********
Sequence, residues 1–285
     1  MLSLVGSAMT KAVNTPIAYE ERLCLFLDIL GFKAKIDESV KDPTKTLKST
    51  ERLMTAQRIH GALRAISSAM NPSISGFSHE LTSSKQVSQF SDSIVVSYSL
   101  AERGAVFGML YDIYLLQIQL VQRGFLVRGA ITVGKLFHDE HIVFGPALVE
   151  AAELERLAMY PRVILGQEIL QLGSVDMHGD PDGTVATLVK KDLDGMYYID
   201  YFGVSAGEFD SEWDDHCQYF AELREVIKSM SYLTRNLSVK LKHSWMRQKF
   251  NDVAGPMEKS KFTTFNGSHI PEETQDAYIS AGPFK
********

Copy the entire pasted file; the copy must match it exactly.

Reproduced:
Sequence, residues 1–285
     1  MLSLVGSAMT KAVNTPIAYE ERLCLFLDIL GFKAKIDESV KDPTKTLKST
    51  ERLMTAQRIH GALRAISSAM NPSISGFSHE LTSSKQVSQF SDSIVVSYSL
   101  AERGAVFGML YDIYLLQIQL VQRGFLVRGA ITVGKLFHDE HIVFGPALVE
   151  AAELERLAMY PRVILGQEIL QLGSVDMHGD PDGTVATLVK KDLDGMYYID
   201  YFGVSAGEFD SEWDDHCQYF AELREVIKSM SYLTRNLSVK LKHSWMRQKF
   251  NDVAGPMEKS KFTTFNGSHI PEETQDAYIS AGPFK